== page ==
One story says the Saint Paul Winter Carnival was started to celebrate the city’s boom from 39,000 residents in 1880 to 120,000 residents just six years later, in 1886.
The most popular story claims the business leaders of Saint Paul wanted to disprove a New York newspaper reporter who had described their beloved city as “another Siberia, unfit for human habitation in the winter.” This is my favorite version because if true, Saint Paul created one of the most all-out unique experiences for Minnesotans to snub the reporter’s claims. Today Winter Carnival is a combination of winter sports, mystic lore and odd contests that make the event something close to winter mardi gras.
Celebrating 125 years, the Saint Paul Winter Carnival kicked off over a beautiful, crisp weekend. I went out with my iPhone set to the Hiptamatic app to capture the ice sculptures, parade and experience downtown Saint Paul on a winter’s day, just as the founders intended.
The Drum and Bugle Corps of Osman Shrine has been a force in the Saint Paul community since 1921.
Egyptian sarcophagus ice carving is a crowd favorite.
125 year celebration wall of ice with photographs from past year events embedded into the sculpture.
Ice carving is serious business, and you can even watch the sculptures take share, right on the grounds in Rice Park.
Ever been to a cat show? Me neither. But it’s par for the course at the Winter Carnival. This guy was pooped and ready to go home for the day.
Built in 1902, Landmark Center was the federal courthouse and post office in Saint Paul. Today she’s a lovely restored building with office space, a book store and cafe. She’s also a warm respite when the outside elements have numbed your toes during the Carnival.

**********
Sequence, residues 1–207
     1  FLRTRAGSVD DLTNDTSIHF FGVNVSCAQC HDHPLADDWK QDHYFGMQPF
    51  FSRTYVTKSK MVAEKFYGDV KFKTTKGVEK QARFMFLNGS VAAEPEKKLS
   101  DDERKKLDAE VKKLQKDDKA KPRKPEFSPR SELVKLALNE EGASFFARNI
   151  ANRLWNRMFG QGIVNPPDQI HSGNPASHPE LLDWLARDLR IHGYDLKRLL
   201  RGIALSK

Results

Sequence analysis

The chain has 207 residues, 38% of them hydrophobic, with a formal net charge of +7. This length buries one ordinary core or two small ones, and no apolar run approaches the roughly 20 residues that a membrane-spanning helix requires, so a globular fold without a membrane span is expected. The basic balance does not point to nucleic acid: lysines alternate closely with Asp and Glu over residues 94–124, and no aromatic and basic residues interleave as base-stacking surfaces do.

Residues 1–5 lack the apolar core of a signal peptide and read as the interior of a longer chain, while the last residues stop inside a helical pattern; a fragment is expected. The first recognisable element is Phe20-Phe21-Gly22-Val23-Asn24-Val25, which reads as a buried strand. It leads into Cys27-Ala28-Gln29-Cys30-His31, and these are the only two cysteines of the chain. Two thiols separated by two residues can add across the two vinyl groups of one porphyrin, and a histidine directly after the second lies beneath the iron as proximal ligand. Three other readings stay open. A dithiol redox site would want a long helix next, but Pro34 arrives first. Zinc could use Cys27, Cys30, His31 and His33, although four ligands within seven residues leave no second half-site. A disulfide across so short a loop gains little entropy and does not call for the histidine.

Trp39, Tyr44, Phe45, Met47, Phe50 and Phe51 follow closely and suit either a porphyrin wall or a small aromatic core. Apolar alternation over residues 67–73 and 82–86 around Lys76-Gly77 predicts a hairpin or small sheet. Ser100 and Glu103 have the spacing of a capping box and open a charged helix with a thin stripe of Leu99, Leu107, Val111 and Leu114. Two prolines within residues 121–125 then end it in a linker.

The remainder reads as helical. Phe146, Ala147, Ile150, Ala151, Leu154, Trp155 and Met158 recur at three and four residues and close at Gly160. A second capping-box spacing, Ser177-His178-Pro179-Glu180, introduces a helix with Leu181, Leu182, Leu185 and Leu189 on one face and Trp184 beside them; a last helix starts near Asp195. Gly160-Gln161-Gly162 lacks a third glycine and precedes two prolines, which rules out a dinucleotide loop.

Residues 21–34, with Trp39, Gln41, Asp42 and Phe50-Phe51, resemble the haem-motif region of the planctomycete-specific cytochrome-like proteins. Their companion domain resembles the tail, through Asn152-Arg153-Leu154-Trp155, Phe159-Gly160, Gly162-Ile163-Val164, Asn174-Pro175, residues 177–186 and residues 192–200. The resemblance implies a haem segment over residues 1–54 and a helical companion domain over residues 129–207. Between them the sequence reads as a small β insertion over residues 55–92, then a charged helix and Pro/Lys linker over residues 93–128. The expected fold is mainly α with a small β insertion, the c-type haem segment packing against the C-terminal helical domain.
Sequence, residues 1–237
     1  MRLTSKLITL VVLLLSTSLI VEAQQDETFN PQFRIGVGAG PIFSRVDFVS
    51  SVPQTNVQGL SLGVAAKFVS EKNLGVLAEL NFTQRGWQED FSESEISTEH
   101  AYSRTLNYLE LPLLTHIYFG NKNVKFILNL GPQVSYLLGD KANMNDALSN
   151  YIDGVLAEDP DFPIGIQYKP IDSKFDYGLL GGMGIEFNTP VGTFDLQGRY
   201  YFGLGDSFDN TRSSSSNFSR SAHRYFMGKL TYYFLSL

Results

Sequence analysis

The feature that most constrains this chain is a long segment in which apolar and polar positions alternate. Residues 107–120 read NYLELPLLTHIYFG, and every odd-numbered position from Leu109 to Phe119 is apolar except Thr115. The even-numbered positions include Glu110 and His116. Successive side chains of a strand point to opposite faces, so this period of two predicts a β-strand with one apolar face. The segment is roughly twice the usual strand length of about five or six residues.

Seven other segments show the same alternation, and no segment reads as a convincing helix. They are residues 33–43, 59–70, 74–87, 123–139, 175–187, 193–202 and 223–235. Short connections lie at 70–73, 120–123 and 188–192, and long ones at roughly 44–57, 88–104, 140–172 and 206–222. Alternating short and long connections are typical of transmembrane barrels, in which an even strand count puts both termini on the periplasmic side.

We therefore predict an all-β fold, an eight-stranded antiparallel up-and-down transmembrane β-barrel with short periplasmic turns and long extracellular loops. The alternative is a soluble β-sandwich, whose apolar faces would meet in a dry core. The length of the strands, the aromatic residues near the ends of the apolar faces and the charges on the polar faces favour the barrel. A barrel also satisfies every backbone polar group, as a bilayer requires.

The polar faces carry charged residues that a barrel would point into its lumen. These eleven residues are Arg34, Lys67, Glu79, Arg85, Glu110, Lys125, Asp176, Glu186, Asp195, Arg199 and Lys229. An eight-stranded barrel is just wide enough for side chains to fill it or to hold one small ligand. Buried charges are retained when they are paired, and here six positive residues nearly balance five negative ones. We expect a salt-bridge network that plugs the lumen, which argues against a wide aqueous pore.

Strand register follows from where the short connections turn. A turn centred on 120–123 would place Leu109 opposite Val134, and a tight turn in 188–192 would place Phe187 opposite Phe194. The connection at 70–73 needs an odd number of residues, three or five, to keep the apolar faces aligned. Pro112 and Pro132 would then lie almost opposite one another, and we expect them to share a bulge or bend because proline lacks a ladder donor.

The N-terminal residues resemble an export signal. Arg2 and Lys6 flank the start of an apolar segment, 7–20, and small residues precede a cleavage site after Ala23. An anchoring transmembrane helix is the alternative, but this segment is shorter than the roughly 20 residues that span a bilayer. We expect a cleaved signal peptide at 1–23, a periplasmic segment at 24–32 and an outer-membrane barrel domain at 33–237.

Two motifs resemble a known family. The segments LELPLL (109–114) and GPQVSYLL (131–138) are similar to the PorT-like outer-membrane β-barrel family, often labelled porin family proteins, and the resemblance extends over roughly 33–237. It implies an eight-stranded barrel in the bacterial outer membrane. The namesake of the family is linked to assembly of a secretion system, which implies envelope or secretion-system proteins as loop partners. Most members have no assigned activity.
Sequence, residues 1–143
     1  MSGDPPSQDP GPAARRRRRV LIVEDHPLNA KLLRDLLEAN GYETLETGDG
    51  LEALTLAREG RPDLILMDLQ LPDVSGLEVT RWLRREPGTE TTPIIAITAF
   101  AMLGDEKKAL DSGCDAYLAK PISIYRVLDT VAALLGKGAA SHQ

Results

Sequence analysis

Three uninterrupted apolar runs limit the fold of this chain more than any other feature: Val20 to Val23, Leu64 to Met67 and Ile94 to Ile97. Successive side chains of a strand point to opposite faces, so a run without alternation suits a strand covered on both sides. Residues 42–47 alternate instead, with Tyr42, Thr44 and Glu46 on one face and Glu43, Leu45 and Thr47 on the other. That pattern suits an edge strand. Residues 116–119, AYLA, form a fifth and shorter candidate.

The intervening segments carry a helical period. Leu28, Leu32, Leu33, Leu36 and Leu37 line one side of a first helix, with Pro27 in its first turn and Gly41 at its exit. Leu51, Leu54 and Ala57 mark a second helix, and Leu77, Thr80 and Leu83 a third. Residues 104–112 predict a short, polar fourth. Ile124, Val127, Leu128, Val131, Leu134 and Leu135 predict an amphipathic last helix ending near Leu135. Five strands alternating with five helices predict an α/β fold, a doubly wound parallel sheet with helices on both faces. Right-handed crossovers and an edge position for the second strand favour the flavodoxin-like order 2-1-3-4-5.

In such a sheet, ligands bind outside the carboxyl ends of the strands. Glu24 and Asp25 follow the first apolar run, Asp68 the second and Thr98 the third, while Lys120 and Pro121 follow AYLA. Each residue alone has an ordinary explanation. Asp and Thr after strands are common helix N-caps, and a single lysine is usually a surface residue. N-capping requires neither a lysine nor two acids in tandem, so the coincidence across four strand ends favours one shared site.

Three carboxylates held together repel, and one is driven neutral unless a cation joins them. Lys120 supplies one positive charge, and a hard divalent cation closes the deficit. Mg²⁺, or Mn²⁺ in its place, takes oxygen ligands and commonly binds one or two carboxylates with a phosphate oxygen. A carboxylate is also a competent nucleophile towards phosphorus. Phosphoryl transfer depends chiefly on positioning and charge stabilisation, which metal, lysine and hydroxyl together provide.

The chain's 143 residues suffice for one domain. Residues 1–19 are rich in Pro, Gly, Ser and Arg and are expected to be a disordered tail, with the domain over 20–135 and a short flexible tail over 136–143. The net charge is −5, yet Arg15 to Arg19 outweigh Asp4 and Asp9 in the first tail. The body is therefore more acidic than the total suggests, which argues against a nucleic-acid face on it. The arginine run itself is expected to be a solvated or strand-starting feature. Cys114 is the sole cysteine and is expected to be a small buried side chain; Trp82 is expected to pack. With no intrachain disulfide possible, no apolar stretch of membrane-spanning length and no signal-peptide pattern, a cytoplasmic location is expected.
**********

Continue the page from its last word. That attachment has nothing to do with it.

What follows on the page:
While warming up with hot cocoa in Landmark Center, check out the ice castle display. Ice castles were once a main attraction of the Carnival, and model replicas with advertising from the era are fun to look at. The last castle built was erected for the 2004 Winter Carnival.
Ice thrones are a popular photo op.
Such detailed work on this Minnesota trees ice sculpture.
Saint Paul’s version of Central Park, there is an skating rink placed across the street from the Saint Paul Hotel every winter.
The Collection Close Up
St. Paul Winter Carnival souvenir medallion featuring the 1887 Ice Palace and highlighting winter sports. The text on the front reads, “ST. PAUL ICE PALACE & WINTER CARNIVAL / 1887.” The back features five winter scenes and four symbols of winter sports. The text on the back reads, “CITY OF ST. PAUL / INCORPORATED MARCH 4 1854.” Manufacturer unknown, 1887.
The Rollicking Realm of Boreas: A Legend…As told to Minnesota Children as the North Wind Roars Across Boreas’ Realm.
Patrick Coleman, Acquisitions Librarian, says: “You don’t know the Winter Carnival until you have read this.” It is a charming telling of the mythology behind Carnival, written by Frank Madden (Boreas Rex of the Saint Paul Winter Carnival, 1937) and published in 1941. It ends:
“You have cheered them mightily, Good Boreas,” said the Queen, “The ten days of Carnival you have proclaimed have been abundantly fulfilled. Health and vigor you have imparted to them, joy you have brought them, Boreas – is it not best that my good people enjoy these beneficent blessings and return to the pursuit of their labors?”
He agrees, and returns to Olympus.
Here’s to the end of winter!
St. Paul Winter Carnival button features King Boreas, the St. Paul skyline, and the Minneapolis skyline. The button reads, ” ‘HI, NEIGHBOR!’ ‘ / 1953 / SAINT PAUL / WINTER CARNIVAL / JAN.30 thru FEB.8 ~ Manufacturer unknown, 1953.